What Paperwork Should You Keep?

Do you have a pile of papers collecting dust on your desk, in your filing cabinet or in a safe? Instead of stockpiling every electric bill, tax return and retail receipt from the last 20 years, learn which papers to keep and which to toss.

Bank records - Shred your checking and saving account statements monthly or after you reconcile your accounts.

Credit card statements
- Shred them after you pay the bill except if you need to prove a charitable donation for your tax return.

Health records for humans and pets - Keep medical records and paperwork that documents your health history, including details about medications, immunizations, x-rays, medical tests, surgeries and major health events.

Instruction manuals
- Keep these papers until you sell the item.

Insurance policies - Save copies of your auto, home or renters insurance policies to prove you're covered and to compare coverage during your annual renewal. Shred the old copies when you get new ones.

Investment statements - Shred monthly and quarterly statements but keep annual ones until you sell the investments.

Loan documents
- Shred closing documents for loans after you pay them off.

Pay stubs
- File with your tax return information until you file your taxes and then shred them.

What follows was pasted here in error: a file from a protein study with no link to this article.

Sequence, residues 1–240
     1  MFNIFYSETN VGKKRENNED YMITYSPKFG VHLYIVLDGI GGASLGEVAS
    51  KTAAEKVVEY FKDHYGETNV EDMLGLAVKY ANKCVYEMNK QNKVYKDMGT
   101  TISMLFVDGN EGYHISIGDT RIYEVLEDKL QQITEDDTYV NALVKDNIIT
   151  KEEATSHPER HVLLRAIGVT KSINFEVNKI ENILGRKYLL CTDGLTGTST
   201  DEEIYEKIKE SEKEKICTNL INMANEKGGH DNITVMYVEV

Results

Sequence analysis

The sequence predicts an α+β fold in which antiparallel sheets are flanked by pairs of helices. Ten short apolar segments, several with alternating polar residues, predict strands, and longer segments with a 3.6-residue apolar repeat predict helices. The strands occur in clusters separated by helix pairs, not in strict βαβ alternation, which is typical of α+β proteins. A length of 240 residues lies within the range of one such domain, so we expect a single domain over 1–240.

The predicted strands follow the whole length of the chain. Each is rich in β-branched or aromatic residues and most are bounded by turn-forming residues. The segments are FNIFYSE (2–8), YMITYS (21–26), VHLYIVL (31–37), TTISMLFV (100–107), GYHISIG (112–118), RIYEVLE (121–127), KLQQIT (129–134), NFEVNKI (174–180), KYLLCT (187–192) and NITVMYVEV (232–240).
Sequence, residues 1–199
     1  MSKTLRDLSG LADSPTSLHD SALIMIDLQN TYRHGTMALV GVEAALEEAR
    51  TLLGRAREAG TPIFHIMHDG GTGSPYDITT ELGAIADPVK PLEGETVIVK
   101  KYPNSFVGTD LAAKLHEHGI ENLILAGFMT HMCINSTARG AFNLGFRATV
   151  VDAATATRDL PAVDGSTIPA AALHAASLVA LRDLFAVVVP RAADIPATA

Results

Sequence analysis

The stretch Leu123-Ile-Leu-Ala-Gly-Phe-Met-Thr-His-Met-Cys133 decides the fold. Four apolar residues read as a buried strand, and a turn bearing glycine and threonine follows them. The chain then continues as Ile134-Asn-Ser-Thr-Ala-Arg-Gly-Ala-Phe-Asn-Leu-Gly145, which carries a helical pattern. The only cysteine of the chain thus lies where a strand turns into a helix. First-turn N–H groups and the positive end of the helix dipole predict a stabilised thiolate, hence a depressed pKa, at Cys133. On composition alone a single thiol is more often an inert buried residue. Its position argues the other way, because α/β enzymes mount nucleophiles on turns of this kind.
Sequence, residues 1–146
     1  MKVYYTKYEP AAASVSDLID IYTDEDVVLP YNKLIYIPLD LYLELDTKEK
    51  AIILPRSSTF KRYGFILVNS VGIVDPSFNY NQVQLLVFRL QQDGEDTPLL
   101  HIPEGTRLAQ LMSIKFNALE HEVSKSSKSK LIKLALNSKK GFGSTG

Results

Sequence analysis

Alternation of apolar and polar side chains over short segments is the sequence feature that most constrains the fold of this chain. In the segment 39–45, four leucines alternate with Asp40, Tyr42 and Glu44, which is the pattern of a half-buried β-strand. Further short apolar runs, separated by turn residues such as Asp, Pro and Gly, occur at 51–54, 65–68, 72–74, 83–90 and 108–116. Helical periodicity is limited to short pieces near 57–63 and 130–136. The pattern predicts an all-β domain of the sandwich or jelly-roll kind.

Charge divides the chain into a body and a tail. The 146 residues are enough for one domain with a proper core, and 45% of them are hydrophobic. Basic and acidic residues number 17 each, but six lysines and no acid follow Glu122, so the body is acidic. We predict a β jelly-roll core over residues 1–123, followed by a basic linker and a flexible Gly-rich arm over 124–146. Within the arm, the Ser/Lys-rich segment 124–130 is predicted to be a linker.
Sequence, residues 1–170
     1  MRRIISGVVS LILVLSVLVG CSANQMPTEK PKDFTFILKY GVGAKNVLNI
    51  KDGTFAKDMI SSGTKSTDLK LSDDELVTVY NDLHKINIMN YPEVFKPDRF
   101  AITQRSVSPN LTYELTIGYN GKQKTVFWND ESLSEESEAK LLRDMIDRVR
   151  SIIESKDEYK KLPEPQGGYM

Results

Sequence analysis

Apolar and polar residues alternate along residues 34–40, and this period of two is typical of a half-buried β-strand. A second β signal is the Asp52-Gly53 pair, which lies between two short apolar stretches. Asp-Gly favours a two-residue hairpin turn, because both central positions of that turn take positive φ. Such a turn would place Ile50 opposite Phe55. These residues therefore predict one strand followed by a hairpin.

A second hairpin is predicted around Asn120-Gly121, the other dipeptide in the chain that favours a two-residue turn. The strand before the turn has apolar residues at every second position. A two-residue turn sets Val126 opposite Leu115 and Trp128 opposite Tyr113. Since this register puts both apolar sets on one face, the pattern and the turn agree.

Retail receipts - Shred or toss receipts after you reconcile your receipt with your budget. Keep them if you need to return an item, purchase items that are eligible for a tax deduction or wish to retain proof of an item's original cost.

Savings bonds
- Keep them until you cash them in.

Tax returns - Retain them and any supporting documents for seven years in case you are audited.

Utility bills - Review each month's bill for errors then shred them.

Vehicle records - Retain receipts, registration info, titles and maintenance and repair records until you sell the vehicle.

Warranties - Store these until you sell the item.

The following papers you should store in a safe place indefinitely. Consider making copies of these documents, too, and storing them in a location outside of your home.
  • Birth certificates

  • Social Security cards

  • Marriage licenses

  • Divorce decrees

  • Military service records

  • Pension-plan documents

  • Estate-planning documents that pertain to your will, power of attorney, end of life and trusts

  • Life insurance policies

  • Death certificates
Whether you store your papers in a pile on your desk or in a safe deposit box, reduce clutter when you understated which papers you need to keep. For more details on reducing paper clutter while maintaining the protection you need, talk with your insurance agent.
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